Literature Review

How does lecanemab work in Alzheimer’s?


 

FROM PROCEEDINGS OF THE NATIONAL ACADEMY OF SCIENCE

Lecanemab (Lequembi, Esai), an amyloid-beta–directed antibody therapy, is approved by the Food and Drug Administration for the treatment of Alzheimer’s disease (AD). But exactly how the drug clears amyloid-beta wasn’t clear.

Now new research suggests the drug, which was approved by the FDA in January, targets a particular molecular cascade, the plasma contact system, which drives amyloid-beta toxicity.

The investigators tested the effectiveness of various forms of amyloid-beta in activating the plasma contact system and found that amyloid-beta protofibrils, known to be the most toxic form of amyloid-beta, promoted the activation of this molecular cascade and that lecanemab inhibited pathway activation.

“In our study, we looked at lecanemab and found it can block the activation of the contact system, which could be one of the reasons that it works so well for AD,” study coinvestigator Erin Norris, PhD, research associate professor, Rockefeller University, New York, said in an interview.

The study was published online in the Proceedings of the National Academy of Science.

Unknown mechanism

“Many years ago, we started looking at the involvement of vascular dysfunction in AD,” Dr. Norris said. “We wanted to see whether or not irregular blood clotting or problems with blood flow was problematic in Alzheimer’s patients.”

The researchers found that fibrin, a major component involved in blood clotting, can extravasate into the brain.

“The blood-brain barrier can break down in Alzheimer’s, so things from the blood can move into the brain and deposit there,” she added. Fibrin then interacts with amyloid-beta, the major pathogenic protein in AD.

Dr. Norris explained that fibrin clots can form in two different ways. One is through the normal process that occurs when there’s an injury and bleeding. The second is through intrinsic clotting, which takes place through the contact system.

“We started looking into this system and found that the plasma of Alzheimer’s patients showed irregular levels of these enzymes and proteins that are part of the intrinsic clotting system compared to those of normal controls,” said Dr. Norris.

“This paper was an extension of years studying this pathway and these mechanisms. It was also inspired by the approval of lecanemab and its release for use in Alzheimer’s patients,” she added.

In previous research, the same researchers found that amyloid-beta has different forms. “It’s normally soluble, and it’s a very tiny molecule,” Dr. Norris said. “But over time, and in different situations, it can start to aggregate, becoming bigger and bigger.”

Implications beyond Alzheimer’s

Postmortem tissue analysis has found fibrillar plaques that are “clumped together.” These are insoluble and hard to get rid of, she said. “Protofibrils are the step before amyloid-beta forms fibrils and are considered to be the most toxic form, although the mechanism behind why it’s so toxic is not understood.”

Previous research has already shown that amyloid-beta can activate the contact system. The contact system has two “arms,” the first of which is involved with clotting, and the second with inflammation, Dr. Norris said. In fact, it’s the plasma contact system that links vascular and inflammatory pathways.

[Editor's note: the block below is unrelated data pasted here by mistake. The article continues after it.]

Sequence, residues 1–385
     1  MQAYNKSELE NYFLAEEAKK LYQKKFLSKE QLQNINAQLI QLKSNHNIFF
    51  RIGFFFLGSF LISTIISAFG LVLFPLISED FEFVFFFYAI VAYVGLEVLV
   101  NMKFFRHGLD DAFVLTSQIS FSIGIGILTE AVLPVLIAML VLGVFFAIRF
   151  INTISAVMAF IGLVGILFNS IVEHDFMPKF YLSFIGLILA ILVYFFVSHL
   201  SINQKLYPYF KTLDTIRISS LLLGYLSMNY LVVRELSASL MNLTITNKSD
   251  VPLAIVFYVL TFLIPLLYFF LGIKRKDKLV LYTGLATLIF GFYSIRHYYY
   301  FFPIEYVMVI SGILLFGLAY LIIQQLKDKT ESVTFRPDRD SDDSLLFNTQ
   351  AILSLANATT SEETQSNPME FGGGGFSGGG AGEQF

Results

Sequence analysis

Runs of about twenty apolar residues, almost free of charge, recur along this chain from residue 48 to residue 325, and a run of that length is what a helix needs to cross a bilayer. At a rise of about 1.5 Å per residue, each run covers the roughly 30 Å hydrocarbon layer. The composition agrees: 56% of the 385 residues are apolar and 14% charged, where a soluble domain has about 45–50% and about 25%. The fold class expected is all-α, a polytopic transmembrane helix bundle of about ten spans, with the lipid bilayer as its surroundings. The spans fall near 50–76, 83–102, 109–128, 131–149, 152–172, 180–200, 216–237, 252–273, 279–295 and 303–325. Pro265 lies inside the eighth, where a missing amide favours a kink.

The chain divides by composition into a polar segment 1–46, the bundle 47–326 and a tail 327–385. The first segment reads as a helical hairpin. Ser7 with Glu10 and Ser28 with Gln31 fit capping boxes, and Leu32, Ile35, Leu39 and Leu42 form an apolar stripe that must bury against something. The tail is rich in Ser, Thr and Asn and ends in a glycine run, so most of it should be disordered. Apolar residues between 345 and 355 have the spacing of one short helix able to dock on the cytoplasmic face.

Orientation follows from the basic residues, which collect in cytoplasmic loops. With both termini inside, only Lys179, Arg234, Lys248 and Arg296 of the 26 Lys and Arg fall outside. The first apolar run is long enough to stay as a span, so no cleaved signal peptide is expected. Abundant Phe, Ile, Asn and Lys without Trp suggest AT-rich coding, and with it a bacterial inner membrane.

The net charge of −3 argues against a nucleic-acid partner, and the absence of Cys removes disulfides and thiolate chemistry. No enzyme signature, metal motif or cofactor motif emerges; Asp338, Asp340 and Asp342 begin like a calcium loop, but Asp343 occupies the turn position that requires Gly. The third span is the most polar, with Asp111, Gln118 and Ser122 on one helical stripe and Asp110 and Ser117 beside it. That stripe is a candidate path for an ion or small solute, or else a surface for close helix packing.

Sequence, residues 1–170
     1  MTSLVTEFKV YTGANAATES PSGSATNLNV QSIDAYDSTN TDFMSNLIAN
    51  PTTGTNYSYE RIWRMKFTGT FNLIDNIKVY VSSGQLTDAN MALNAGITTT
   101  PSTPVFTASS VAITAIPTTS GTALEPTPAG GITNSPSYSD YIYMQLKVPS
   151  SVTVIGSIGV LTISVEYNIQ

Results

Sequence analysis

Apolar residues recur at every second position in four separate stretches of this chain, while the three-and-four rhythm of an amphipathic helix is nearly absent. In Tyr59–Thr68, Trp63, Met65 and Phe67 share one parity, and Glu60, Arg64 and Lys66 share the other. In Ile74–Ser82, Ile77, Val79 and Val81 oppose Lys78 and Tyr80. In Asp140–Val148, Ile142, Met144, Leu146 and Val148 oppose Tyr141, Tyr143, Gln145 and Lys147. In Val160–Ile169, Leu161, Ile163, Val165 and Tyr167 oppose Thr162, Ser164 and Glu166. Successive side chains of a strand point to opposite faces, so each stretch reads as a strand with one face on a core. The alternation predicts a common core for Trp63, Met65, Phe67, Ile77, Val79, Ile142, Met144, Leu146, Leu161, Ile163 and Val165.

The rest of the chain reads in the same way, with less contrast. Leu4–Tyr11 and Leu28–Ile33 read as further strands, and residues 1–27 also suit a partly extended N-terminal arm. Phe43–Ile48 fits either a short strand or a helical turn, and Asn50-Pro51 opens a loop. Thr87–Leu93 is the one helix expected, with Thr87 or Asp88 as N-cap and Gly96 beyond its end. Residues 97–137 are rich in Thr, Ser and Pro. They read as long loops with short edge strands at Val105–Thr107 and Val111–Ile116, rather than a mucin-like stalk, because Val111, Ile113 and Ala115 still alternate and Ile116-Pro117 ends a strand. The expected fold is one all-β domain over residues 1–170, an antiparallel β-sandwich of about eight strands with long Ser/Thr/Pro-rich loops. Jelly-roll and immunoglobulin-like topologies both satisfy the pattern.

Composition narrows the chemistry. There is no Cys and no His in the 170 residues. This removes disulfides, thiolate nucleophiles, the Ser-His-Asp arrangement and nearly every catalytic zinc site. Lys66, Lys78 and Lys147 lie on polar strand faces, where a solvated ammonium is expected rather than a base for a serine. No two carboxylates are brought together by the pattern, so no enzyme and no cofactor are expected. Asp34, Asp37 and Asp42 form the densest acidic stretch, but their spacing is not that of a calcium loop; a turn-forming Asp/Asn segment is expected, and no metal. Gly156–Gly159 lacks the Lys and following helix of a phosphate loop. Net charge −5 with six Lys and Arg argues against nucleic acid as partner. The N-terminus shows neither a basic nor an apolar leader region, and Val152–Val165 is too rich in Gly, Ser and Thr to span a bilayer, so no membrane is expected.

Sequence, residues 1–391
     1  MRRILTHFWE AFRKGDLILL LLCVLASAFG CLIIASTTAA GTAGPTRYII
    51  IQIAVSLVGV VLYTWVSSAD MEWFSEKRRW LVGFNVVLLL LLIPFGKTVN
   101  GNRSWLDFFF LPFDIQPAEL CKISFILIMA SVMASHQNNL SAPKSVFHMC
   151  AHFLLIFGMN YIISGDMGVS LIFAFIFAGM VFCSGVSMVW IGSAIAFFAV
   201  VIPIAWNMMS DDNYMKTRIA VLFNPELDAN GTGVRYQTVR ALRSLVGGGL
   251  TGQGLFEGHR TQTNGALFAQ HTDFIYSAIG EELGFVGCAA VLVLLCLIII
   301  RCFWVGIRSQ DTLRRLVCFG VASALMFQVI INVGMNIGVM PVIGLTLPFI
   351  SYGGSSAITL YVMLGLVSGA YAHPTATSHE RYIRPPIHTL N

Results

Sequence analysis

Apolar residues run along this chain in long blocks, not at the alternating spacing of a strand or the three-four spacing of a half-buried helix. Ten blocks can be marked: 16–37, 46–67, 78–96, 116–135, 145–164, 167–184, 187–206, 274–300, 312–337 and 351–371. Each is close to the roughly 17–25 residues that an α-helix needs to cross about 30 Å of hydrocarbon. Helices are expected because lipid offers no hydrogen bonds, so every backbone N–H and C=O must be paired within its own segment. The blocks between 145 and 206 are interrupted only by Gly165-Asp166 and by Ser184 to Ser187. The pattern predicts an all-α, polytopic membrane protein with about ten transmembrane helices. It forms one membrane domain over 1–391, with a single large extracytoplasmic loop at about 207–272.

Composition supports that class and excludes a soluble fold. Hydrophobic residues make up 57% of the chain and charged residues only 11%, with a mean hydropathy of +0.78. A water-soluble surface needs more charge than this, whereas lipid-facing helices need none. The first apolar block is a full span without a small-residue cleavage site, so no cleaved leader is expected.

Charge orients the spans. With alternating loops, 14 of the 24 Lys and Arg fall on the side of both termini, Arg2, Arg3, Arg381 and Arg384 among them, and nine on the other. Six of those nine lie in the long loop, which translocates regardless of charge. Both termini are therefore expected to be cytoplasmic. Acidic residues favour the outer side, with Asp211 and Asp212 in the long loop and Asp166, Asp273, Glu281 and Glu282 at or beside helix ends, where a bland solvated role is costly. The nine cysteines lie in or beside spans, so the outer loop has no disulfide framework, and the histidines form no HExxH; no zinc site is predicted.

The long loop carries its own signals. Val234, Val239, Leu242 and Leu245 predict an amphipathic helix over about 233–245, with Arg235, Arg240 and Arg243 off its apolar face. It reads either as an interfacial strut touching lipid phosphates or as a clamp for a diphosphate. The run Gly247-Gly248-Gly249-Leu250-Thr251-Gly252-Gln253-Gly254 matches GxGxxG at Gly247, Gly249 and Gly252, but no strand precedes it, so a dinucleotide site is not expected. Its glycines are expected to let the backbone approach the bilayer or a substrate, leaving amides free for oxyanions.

The plasma contact system leads to the clotting of fibrin, Dr. Norris continued. It activates factor XII, which leads to blood clotting by binding to coagulation factor XI.

The contact system also causes inflammation – the second “arm.” Bradykinin, a potent inflammatory molecule, is released by binding to high-molecular-weight kininogen (HK). In addition to inflammation, bradykinin can cause edema and blood-brain barrier permeability.

Although it’s been known that amyloid-beta can activate the contact system, the particular form of amyloid-beta implicated in this cascade has not been identified. And so, the researchers incubated amyloid-beta42 with human plasma, testing various types of amyloid-beta – monomers, oligomers, protofibrils, and fibrils – to see which would activate the contact system.

Amyloid-beta protofibrils promoted the activation of the contact system, as evidenced by several reactions, including activation of factor XII, while other forms of amyloid-beta did not. HK also “bound tightly” to amyloid-beta protofibrils, with “weaker” binding to other amyloid-beta species, the authors reported, confirming that amyloid-beta protofibrils bind to HK and factor XII.

Bradykinin levels were increased by amyloid-beta protofibrils, which also induced faster clotting, compared with other forms of amyloid-beta.

The researchers introduced lecanemab into the picture and found it “dramatically inhibited” contact system activation induced by amyloid-beta protofibrils. For example, it blocked the binding of factor XII to amyloid-beta. By contrast, human IgG (which the researchers used as a control) had no effect.

Additionally, lecanemab also prevented accelerated intrinsic coagulation in normal human plasma mediated by amyloid-beta protofibril.

Senior author Sidney Strickland, PhD, the Zachary and Elizabeth M. Fisher professor in Alzheimer’s and neurodegenerative disease, Rockefeller University, said in an interview: “One of the strong motivators for conducting this study was the fact that this drug, which is effective in AD, targets this specific form of amyloid-beta; but no one knows why it›s more toxic. We thought we could see if we could tie it to what we›re working on, and we found it ties in beautifully.”

The findings have implications that go beyond AD, Dr. Strickland said. “The contact system is implicated in lots of different pathologies, including sickle cell anemia, sepsis, inflammatory bowel disease, and so on.” Blocking the contact system might be a helpful approach in these conditions too.

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